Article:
Boaters can take training

Published 12:00 am Tuesday, April 4, 2000

Lawrence County Marine Patrol officers will hold state boater education courses at least two more times before this summer’s boating season begins.

Tuesday, April 04, 2000

Lawrence County Marine Patrol officers will hold state boater education courses at least two more times before this summer’s boating season begins.

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"Actually, we’re going to try a course a month until we run out of people," said Carol Kitts marine patrol director and Lawrence County Sheriff’s Department detective.

State law requires those who turn 18 this year – anyone born after Dec. 31, 1981 – to show proof of successfully completing an approved boating education course or proficiency exam.

Passing the exam allows them to operate a boat or watercraft with more than 10 horsepower, Ms. Kitts said.

The Ohio Department of Natural Resources Division of Watercraft issues a certification card for boaters who meet the requirement.

But, few Ohio River boaters affected by the law take the education course, Ms. Kitts said.

A class earlier this month had only a handful of students when there should have been dozens there, she said.

"We know what’s going to happen in May or June when we get on the water," Ms. Kitts said. "They’re going to find out they need this."

When stopped for any violation, boaters required to have passed the exam must show proof or face a fine, she said.

The fine could range from $78 to $100, according to state law.

But marine patrol officers want the area’s young boaters to take the required education for a reason other than avoiding fines, Ms. Kitts said.

"Personally, I think everyone needs to take the class," she said. "The more safety conscious you are, the more fun everybody has on the river."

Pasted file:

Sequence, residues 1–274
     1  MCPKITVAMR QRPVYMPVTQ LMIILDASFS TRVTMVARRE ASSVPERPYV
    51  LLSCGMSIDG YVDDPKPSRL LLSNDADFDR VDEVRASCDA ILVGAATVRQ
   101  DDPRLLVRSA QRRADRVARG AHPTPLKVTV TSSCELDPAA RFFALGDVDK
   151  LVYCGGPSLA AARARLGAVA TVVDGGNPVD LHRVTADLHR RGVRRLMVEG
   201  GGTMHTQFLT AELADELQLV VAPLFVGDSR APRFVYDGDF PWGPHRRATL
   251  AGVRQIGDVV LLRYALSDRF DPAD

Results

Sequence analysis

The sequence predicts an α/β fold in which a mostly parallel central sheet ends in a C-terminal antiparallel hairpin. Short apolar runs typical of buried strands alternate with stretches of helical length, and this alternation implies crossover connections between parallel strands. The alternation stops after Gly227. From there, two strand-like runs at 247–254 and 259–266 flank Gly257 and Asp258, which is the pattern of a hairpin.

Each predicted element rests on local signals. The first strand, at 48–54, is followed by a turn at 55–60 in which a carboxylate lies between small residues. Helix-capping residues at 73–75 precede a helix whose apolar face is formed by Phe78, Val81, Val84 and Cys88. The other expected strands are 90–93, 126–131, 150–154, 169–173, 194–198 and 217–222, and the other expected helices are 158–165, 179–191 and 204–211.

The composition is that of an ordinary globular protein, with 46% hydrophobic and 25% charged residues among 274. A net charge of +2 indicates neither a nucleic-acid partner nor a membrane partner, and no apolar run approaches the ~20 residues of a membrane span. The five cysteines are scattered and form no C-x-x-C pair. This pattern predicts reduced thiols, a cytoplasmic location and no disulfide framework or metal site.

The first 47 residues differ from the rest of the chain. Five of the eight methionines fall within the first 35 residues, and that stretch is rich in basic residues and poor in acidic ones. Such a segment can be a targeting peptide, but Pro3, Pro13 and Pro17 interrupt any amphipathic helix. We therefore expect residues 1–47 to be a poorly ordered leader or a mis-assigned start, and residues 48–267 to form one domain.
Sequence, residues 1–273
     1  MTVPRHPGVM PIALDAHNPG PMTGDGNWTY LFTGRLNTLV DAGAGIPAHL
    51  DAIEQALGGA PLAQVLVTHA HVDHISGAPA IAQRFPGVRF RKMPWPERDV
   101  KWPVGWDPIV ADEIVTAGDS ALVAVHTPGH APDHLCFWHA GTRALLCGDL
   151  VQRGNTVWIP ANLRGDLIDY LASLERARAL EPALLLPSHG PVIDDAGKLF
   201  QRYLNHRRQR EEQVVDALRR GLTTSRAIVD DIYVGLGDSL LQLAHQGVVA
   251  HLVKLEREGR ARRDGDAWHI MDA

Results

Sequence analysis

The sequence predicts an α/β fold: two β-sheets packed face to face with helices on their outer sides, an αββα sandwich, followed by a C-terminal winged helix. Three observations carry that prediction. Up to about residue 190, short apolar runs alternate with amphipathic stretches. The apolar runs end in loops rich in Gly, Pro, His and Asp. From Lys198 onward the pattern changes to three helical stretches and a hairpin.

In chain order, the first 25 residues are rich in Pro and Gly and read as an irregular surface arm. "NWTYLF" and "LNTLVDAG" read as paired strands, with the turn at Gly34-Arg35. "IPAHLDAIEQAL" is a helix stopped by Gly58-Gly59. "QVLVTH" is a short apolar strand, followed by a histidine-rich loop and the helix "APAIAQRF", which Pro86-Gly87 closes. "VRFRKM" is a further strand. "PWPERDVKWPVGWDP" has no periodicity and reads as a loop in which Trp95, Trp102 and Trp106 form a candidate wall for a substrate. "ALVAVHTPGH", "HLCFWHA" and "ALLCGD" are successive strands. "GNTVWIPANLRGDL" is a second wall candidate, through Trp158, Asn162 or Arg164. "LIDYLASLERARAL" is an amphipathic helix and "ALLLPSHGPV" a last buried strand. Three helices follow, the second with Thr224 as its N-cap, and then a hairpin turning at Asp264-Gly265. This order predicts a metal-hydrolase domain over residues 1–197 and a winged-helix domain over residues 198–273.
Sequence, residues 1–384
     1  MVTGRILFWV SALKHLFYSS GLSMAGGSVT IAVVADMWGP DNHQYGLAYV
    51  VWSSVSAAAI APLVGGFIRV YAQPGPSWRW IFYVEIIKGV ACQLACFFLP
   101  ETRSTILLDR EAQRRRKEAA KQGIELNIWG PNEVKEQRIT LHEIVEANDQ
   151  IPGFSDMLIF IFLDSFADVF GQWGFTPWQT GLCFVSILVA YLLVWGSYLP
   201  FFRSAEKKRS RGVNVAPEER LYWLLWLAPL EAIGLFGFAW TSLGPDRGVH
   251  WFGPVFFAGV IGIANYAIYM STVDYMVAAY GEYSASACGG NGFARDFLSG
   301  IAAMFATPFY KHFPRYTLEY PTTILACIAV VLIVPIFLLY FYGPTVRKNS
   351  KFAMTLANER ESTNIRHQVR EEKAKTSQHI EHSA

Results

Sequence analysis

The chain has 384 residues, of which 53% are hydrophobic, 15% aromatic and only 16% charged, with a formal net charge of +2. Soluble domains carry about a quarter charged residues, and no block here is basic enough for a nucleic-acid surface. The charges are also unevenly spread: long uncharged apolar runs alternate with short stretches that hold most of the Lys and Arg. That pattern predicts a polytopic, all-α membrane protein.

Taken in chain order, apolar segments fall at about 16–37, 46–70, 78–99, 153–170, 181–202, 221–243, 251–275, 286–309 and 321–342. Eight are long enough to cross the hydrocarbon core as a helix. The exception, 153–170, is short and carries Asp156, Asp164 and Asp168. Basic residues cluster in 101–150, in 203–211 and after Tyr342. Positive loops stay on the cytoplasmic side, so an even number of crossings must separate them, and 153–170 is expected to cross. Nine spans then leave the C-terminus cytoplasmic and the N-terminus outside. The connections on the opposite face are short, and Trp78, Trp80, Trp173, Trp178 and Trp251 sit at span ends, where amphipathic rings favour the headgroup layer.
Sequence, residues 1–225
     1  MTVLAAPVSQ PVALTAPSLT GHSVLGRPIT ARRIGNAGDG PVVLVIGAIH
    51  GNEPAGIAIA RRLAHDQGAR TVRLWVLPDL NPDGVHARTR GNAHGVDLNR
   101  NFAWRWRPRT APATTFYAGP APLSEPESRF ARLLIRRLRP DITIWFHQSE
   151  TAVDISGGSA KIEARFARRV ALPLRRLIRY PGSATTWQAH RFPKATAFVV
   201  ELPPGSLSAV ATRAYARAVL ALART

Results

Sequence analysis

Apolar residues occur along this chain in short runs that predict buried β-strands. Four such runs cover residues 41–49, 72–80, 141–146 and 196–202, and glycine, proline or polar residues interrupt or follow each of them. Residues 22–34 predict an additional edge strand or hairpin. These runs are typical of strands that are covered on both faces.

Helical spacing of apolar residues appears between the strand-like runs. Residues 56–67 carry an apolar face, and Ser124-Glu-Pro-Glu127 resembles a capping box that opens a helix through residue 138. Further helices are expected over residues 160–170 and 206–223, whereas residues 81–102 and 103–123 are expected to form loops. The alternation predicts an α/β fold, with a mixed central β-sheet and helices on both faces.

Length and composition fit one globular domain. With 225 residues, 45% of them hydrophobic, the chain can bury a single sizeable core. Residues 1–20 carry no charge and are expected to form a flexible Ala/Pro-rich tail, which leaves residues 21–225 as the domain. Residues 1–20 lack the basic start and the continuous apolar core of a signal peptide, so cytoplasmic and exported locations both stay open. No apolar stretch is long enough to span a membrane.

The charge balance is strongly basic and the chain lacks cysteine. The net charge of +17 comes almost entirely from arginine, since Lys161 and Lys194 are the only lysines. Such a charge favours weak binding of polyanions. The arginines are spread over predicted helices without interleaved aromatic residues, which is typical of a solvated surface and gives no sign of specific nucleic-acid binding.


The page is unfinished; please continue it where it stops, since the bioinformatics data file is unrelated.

The courses also help everyone become a good river boater, which is much different than boating on a lake, Ms. Kitts said.

Students learn about navigation rules about buoys and barges, learn to avoid sandbars and how to make their way through the proper river channels.

They also learn rules about distance between boats and what is required to carry on board every boat, Ms. Kitts said.

The number one piece of equipment? Life jackets, she said.

The fine for not meeting state life jacket requirements can be as high as $263 per ticket, Ms. Kitts said.

"We want people to have fun and the best way to have fun is to be safe," she said. "The education course will help."

The next boating course in Lawrence County will be over three days – April 11, April 18 and April 25 – at 6 p.m. each night at the Lawrence County Municipal Court building.

Boaters have at least two other options – a home study course and a proficiency exam.

Classroom instruction remains the preferred method of meeting the education requirement but the Division of Watercraft recently reintroduced a home-study course that allows a person to complete the course at their own pace.

Participants have the option of completing a worksheet and exam and returning it to the division to be graded, or they can take a supervised test at selected sites across the state.

There are also online Internet tests available.

Students scoring 70 percent or higher on any of the options receive a certification card.

For more information about course dates or to obtain home study materials, call the Division of Watercraft at 614-265-6480 or visit the division’s Web site at